LEGENDARY soul diva Dionne Warwick will tour Australia in November, bringing her granddaughter and recent reality television contestant Cheyenne Elliott to sing with her.
The Walk On By superstar supported the talented family member who she first brought on stage during her ill-fated bid to win reality singing show The Four earlier this year.
“She’s doing exceptionally well,” Warwick said of her granddaughter.
“Having her perform with me in Australia is very special, believe me.”
Warwick’s family was shocked by revelations in a new documentary that her sister Dee Dee, who died in 2008, had molested her niece Whitney Houston when she was a child.
Dionne and Houston’s mother Cissy have denied the allegations which surfaced in the Whitney film.
While questions about the film were off-limits when Houston spoke about her upcoming Australian tour, she addresses them in a Larry King special to be aired on Hulu on August 15.
“I have tried to refrain from responding to that,” the 77-year-old singer has told King.
“First of all, it’s totally hogwash. My sister would never, ever have done anything to do any harm to any child, especially within our family.
“And for those lies to be perpetuated in this so-called documentary film, I think it’s evil.”
While there has much been much commentary and celebration regarding the endurance of male rock stars including the Rolling Stones, Paul McCartney and Bob Dylan as they continue touring in their 70s, Warwick agreed her female peers rarely attract the same level of recognition for their continued excellence on the live stage.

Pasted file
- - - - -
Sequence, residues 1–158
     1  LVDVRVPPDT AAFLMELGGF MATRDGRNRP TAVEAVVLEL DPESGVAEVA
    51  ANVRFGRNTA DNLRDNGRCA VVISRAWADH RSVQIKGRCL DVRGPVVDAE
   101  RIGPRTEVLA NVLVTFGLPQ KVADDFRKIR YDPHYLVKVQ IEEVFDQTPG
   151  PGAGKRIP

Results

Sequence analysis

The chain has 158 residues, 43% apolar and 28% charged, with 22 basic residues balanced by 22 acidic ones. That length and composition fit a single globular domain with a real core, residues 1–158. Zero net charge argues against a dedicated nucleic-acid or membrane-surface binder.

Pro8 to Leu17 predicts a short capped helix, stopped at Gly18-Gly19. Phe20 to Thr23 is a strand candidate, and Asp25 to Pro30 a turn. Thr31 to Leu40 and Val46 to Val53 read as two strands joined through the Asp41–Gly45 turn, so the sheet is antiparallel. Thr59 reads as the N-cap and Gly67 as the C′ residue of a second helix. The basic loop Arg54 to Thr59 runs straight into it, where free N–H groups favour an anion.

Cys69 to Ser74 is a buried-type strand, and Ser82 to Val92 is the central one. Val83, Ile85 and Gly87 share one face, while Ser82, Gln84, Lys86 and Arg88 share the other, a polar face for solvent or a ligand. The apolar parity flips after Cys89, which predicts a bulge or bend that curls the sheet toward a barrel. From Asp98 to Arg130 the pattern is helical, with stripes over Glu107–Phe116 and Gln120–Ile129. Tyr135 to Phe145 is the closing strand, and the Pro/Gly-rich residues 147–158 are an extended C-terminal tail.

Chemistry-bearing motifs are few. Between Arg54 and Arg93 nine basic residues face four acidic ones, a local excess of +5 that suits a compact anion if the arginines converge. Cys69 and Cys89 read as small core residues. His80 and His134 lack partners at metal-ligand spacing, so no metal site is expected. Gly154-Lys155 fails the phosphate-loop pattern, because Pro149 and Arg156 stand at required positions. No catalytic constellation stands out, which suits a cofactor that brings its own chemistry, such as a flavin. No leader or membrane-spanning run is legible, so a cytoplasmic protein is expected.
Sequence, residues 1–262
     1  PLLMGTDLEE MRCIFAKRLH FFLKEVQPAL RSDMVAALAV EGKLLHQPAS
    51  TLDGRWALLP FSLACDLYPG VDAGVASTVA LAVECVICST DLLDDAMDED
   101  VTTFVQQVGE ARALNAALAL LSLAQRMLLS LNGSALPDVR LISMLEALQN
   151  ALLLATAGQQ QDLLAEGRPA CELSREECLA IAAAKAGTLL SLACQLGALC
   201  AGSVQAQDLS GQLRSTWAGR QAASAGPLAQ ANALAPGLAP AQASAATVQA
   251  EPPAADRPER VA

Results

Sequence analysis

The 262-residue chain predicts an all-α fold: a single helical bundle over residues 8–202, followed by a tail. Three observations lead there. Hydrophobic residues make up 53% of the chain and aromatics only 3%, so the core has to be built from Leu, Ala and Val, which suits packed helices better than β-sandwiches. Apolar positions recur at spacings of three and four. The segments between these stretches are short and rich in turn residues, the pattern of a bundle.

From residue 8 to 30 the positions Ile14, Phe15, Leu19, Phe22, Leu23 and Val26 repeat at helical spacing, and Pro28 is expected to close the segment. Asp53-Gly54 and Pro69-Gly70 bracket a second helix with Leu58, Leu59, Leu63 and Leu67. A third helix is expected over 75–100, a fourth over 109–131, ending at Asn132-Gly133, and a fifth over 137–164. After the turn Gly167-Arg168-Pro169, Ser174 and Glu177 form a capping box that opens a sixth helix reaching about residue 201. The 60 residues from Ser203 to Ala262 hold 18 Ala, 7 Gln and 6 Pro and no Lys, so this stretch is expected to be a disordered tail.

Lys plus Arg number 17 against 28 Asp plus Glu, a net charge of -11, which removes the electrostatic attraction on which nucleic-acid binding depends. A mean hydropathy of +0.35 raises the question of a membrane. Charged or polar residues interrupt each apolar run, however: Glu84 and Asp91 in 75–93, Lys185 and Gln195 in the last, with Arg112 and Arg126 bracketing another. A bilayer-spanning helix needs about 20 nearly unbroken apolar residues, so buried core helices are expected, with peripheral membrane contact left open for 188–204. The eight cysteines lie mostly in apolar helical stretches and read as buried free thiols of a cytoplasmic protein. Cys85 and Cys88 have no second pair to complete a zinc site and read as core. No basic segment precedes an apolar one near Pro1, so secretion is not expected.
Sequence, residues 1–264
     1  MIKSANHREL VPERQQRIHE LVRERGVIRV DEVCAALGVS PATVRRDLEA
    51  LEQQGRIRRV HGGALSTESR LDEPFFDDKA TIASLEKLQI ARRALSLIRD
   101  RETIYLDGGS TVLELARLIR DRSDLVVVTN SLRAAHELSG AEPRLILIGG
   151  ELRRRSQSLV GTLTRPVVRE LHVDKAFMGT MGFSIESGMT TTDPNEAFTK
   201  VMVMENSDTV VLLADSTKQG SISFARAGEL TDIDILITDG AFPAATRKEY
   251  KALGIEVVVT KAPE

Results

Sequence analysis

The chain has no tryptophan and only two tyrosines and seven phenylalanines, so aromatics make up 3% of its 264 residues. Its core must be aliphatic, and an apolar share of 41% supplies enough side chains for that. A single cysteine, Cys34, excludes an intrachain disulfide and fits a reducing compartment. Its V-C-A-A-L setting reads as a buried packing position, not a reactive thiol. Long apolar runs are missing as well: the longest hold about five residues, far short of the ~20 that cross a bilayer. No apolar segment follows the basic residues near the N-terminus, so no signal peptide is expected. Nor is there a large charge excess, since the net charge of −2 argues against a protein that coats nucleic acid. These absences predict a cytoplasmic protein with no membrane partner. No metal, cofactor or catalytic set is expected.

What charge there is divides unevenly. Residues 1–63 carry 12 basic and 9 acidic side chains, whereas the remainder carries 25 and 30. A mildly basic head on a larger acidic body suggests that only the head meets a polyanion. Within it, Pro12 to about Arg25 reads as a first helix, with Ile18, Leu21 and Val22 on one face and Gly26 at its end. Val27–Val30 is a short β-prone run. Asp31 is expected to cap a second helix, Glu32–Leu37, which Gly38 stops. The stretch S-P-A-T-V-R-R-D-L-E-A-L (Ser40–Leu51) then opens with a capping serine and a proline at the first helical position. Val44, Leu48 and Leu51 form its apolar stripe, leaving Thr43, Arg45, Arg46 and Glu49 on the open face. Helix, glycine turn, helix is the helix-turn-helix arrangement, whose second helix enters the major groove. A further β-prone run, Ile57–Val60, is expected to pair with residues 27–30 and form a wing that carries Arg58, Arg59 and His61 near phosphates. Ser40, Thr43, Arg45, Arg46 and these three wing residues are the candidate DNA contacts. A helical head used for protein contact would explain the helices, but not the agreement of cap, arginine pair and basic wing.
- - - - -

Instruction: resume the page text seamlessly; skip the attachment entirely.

Warwick said she spends six months each year on the road.
“Aretha, Gladys Knight, Patti LaBelle, the list of great women on the stage is very long but for some reason, they don’t look at women the same way and I haven’t a clue why,” she said.
“It doesn’t bother me. I know what age I am, I know what I am doing and those guys are no older than I am and still doing it and I applaud them.”
The five-time Grammy winner became one of the world’s biggest pop stars in the 1960s when she linked with songwriters Burt Bacharach and Hal David.
They enjoyed a string of hits which remain pop classics including Anyone Who Had A Heart, This Girl’s In Love With You and Do You Know The Way To San Jose.
Her reign on the charts continued through the 1980s with the Bee Gees-penned hit Heartbreaker and then with That’s What Friends Are For with Elton John, Stevie Wonder and Gladys Knight to raise money for AIDS-related charities.
Warwick was one of the first celebrities to spearhead the fight against the virus and continues her work today, recently launching a safe sex campaign aimed at the over 60s.
“We all have fans in that age group who are sexually active and they have to be as careful as anyone else,” she said.
A Frontier Touring pre-sale for Dionne Warwick’s Australian tour go on sale from Thursday, with general tickets available from August 13.
The tour opens at the Riverside Theatre, Perth on November 2,
Thebarton Theatre on November 3, Palais Theatre on November 4, Star Event Centre, Sydney on November 8 and The Star, Gold Coast on November 9.
Originally published as Soul diva Dionne Warwick books Aussie tour